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Publication numberUS20060003090 A1
Publication typeApplication
Application numberUS 11/130,814
Publication dateJan 5, 2006
Filing dateMay 16, 2005
Priority dateMay 14, 2004
Also published asEP1766672A2, US7326649, WO2005114720A2, WO2005114720A3
Publication number11130814, 130814, US 2006/0003090 A1, US 2006/003090 A1, US 20060003090 A1, US 20060003090A1, US 2006003090 A1, US 2006003090A1, US-A1-20060003090, US-A1-2006003090, US2006/0003090A1, US2006/003090A1, US20060003090 A1, US20060003090A1, US2006003090 A1, US2006003090A1
InventorsDamien Rodger, Mark Humayun, Yu-Chong Tai, James Weiland
Original AssigneeCalifornia Institute Of Technology, University Of Southern California
Export CitationBiBTeX, EndNote, RefMan
External Links: USPTO, USPTO Assignment, Espacenet
Parylene-based flexible multi-electrode arrays for neuronal stimulation and recording and methods for manufacturing the same
US 20060003090 A1
Abstract
Method for manufacturing a parylene-based electrode array that includes an underlying parylene layer, one or more patterned electrode layers comprising a conductive material such as a metal, and one or more overlying parylene layers. The overlying parylene is etched away or otherwise processed to expose the electrodes where stimulation or recording is to occur. All other conductive material in the device is occluded from the environment by the two layers of parylene surrounding it.
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Claims(23)
1. A method of producing a flexible electrode array, the method comprising:
providing a parylene substrate;
forming a patterned conductive layer on the parylene substrate;
covering the patterned conductive layer with a parylene layer; and
removing a portion of the parylene layer so as to expose at least a portion of the patterned conductive layer to form an exposed electrode pattern in the parylene layer.
2. The method of claim 1, wherein the patterned conductive layer comprises carbonized parylene.
3. The method of claim 1, wherein the patterned conductive layer comprises a conductive metal selected from the group consisting of gold, platinum, chromium, titanium, platinum and iridium oxide.
4. The method of claim 1, wherein the parlyene substrate and the parylene layer each comprise one or more of parylene A, parylene C, parylene AM, parylene F, parylene N or parylene D.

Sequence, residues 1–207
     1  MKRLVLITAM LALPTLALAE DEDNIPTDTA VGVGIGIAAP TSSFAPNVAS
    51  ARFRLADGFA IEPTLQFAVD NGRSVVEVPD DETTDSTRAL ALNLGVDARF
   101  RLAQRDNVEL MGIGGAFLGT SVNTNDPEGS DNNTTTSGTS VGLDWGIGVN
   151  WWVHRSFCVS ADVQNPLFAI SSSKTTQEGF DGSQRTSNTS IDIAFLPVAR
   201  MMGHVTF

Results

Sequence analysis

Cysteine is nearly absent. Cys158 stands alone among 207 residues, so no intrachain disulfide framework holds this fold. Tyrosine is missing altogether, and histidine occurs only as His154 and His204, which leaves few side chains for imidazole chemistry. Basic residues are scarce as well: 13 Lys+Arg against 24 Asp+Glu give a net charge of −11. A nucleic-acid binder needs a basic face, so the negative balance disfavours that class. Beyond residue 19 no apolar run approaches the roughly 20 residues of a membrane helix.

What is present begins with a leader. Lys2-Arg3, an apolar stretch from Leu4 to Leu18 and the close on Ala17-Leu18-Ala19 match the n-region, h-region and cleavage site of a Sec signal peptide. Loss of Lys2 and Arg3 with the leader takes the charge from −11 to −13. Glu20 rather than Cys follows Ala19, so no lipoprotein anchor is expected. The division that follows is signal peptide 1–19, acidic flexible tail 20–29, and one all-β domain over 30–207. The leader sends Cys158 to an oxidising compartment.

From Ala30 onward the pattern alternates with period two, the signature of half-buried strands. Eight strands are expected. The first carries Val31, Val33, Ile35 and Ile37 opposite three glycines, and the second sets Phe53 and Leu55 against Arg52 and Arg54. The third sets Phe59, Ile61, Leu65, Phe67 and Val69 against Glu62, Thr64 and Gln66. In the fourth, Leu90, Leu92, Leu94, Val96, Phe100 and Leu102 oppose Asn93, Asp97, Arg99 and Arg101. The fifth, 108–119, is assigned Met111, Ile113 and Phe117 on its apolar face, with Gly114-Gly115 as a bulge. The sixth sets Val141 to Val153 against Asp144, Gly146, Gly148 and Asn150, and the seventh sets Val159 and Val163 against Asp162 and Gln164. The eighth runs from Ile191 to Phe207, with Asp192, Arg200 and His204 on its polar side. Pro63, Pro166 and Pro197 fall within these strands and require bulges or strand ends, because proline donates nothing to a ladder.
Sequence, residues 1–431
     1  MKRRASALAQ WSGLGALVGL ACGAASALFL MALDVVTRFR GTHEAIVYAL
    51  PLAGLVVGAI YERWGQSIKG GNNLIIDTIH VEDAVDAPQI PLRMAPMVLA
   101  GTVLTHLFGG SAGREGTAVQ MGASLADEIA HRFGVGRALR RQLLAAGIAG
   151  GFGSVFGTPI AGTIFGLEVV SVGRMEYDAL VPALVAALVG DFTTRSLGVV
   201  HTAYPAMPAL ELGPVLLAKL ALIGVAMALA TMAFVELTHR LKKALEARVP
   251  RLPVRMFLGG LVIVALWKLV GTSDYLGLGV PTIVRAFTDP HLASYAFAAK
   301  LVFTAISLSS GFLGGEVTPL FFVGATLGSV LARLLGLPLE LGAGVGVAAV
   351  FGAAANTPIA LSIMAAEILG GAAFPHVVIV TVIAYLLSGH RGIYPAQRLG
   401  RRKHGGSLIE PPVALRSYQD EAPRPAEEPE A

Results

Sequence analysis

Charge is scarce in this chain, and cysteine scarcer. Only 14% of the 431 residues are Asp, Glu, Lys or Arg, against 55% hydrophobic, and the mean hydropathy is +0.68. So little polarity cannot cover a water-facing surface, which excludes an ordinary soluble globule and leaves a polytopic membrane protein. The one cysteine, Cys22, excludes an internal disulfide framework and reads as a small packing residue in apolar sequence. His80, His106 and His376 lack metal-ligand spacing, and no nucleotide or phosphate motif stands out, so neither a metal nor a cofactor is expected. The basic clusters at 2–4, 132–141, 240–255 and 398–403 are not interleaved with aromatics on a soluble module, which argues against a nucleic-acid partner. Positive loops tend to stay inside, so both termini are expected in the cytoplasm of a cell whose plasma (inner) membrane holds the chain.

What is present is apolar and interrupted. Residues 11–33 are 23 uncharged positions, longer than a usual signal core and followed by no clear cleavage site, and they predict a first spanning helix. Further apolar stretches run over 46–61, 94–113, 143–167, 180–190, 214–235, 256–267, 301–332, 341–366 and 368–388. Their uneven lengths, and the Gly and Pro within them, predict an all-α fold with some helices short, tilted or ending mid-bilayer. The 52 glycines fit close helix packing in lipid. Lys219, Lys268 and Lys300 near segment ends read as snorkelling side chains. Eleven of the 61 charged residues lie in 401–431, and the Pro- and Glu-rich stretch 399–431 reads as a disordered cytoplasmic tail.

5. The method of claim 1, wherein providing a parylene substrate includes depositing parylene on a layer of photoresist overlaying a bulk substrate.
6. The method of claim 5, further comprising separating the parylene substrate from the photoresist layer.
7. The method of claim 1, wherein forming the patterned conductive layer comprises:
depositing a layer of photoresist on the parylene substrate;
patterning the photoresist with a mask;
removing the patterned photoresist to expose the parylene substrate;
depositing a conductive material on the exposed parylene substrate; and
removing the photoresist.
8. The method of claim 7, wherein depositing a conductive material includes one of an e-beam evaporation process, a sputtering process or an electroplating process.
9. The method of claim 1, wherein forming the patterned conductive layer comprises:
depositing a layer of conductive material on the parylene substrate;
patterning the conductive material with a mask;
removing exposed conductive material to expose the parylene substrate; and
removing the mask.
10. The method of claim 1, wherein removing a portion of the parylene layer comprises:
depositing a layer of photoresist on the parylene layer;
patterning the photoresist with a mask;
removing the patterned photoresist to expose portions of the parylene layer; and
etching the exposed portions of the parylene layer.
11. The method of claim 1, wherein the patterned conductive layer includes a conductive material selected from the group consisting of a conducting polymer, a doped semiconductor, and graphite.
12. The method of claim 1, wherein removing a portion of the parylene layer comprises one of a plasma etch process, a laser ablation process, a blade cutting process or a melting process.
13. The method of claim 1, further comprising:
forming a second patterned conductive layer on the parylene layer; and
covering the second patterned conductive layer with a second parylene layer.
14. The method of claim 13, wherein removing a portion of the parylene layer occurs before the step of covering the second patterned conductive layer with a second parylene layer.
15. The method of claim 13, wherein removing a portion of the parylene layer occurs after the step of covering the second patterned conductive layer with a second parylene layer.
16. A device comprising a flexible electrode array fabricated according to claim 1.
17. A flexible electrode array device produced by:
forming a patterned layer of conductive material on a parylene substrate;
covering the patterned conductive layer with a parylene layer; and
removing a portion of the parylene layer so as to expose at least a portion of the patterned conductive layer to form an exposed electrode pattern in the parylene layer.
18. The device of claim 17, wherein the device has a thickness of between about 5 μm and about 20 μm.
19. The device of claim 17, wherein the patterned conductive layer comprises carbonized parylene.
20. The device of claim 17, wherein the patterned conductive layer comprises a conductive metal selected from the group consisting of gold, platinum, chromium, titanium, platinum and iridium oxide.
21. The device of claim 17, wherein the parlyene substrate and the parylene layer each comprise one or more of parylene A, parylene C, parylene AM, parylene F, parylene N or parylene D.